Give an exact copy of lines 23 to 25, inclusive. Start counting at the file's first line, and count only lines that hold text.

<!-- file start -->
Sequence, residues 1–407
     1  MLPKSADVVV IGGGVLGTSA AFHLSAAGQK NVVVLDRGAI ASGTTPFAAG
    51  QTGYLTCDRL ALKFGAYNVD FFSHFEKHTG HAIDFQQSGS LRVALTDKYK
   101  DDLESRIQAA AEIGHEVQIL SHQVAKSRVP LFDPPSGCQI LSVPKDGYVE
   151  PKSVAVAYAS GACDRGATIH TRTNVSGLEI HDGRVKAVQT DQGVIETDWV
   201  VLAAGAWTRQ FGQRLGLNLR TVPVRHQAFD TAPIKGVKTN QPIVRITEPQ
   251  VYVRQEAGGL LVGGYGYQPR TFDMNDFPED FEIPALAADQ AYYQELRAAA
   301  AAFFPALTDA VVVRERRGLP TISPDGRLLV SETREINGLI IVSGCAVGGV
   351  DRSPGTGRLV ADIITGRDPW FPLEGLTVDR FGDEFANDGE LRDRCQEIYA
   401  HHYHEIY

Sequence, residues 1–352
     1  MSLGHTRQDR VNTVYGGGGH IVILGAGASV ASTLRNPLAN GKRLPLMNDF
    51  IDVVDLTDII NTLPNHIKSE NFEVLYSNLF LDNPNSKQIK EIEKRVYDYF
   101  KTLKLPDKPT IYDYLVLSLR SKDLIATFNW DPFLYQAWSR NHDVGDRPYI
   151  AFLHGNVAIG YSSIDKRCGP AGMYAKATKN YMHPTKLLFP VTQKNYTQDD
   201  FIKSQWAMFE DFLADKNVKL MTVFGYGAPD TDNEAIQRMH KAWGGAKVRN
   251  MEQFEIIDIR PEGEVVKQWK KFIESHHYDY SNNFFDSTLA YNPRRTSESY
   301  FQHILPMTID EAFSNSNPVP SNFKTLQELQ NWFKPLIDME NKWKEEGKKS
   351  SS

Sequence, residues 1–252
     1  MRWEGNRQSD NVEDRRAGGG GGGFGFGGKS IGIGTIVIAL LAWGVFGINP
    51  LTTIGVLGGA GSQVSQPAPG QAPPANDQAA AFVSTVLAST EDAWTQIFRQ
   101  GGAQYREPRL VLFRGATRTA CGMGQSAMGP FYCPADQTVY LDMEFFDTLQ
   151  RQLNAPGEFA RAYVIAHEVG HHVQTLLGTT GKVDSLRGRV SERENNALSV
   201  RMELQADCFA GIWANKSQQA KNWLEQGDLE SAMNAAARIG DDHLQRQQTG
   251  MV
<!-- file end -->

   101  GGAQYREPRL VLFRGATRTA CGMGQSAMGP FYCPADQTVY LDMEFFDTLQ
   151  RQLNAPGEFA RAYVIAHEVG HHVQTLLGTT GKVDSLRGRV SERENNALSV
   201  RMELQADCFA GIWANKSQQA KNWLEQGDLE SAMNAAARIG DDHLQRQQTG